Getting off the roller-coaster of emotions and grabbing the hand of truth.

 

roller coaster of emotionsIt was the year 1977. I stood in a brick building the width and length of an oversized surfboard. Every day from 1 in the afternoon until 8 at night cars pulled up. Trucks. Volkswagen vans.

They all wanted money.

No, I was not some kind of a genie in a supersized bottle. I was a bank teller in one of the roughest neighborhoods of Dallas, Texas. If that was not scary enough I could barely add and subtract.

But, hey, I was in college and flat broke.  

This was before personal computers and ATM machines. I had to use an adding machine. Balance the cash at night.

There were some exciting moments.

I remember laying flat on the floor of the teller booth for over an hour.  It happened when someone called in to say they were going to rob the place. Note: it was a false alarm. I mean who calls in a robbery ahead of time?

A few nights I tracked down total strangers after I gave out too much money. And, yes, I got the money back. That’s when I learned about the unflinching  integrity of little old ladies on fixed income.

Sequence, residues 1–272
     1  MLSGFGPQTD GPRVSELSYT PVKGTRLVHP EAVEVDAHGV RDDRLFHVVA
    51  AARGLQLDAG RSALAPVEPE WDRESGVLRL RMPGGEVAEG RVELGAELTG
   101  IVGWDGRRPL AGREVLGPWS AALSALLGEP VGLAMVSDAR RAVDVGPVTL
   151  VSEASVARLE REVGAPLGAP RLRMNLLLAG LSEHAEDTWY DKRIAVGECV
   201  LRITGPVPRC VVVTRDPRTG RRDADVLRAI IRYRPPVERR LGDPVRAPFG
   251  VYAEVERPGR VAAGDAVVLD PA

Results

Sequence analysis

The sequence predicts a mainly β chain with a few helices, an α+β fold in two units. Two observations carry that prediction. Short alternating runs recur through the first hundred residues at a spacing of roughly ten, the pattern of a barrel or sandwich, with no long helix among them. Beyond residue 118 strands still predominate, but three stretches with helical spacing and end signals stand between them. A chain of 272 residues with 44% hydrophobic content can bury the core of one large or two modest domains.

This job also gave me my first exposure to rock music.  Yes, at nineteen years old. Until then, I’d survived on a diet of gospel quartet tunes and good ole hymns. Like I’ve said in other blogs, I grew up believing that the entire rock music scene was the devil’s workshop. Here I was in His shop soaking in tunes like

  • Stop in the Name of Love,
  • You’ve Blown It All Sky High,
  • and Emotions by the Bee Gees

as they blasted through the bank speakers.

Emotions by the Bee Gees became my favorite. Maybe it was because that’s the way I lived. Every emotion got my full attention.

Why not?

I figured it I felt something it had to be true. If I felt ugly, I was ugly. If I felt like life was hopeless, it had to be.

I never considered that emotions could be wrong.

I guess I never really listened to the chorus close enough.

The Bee Gees were right.

“…it’s just emotion
that’s taking me over
tied up in sorrow
lost in my soul…”

When I let my emotions take over, I end up nothing more than a

  1. blubbering knot of sorrow.
  2. lost puppy of a soul.

Not the way I want to spend my days.

I’d rather hold the hand of truth. It’s the foundation for healthy relationships. It’s the road map that leads to spiritual wholeness.

Not exactly the thrill a roller coaster. But, exactly what I need.

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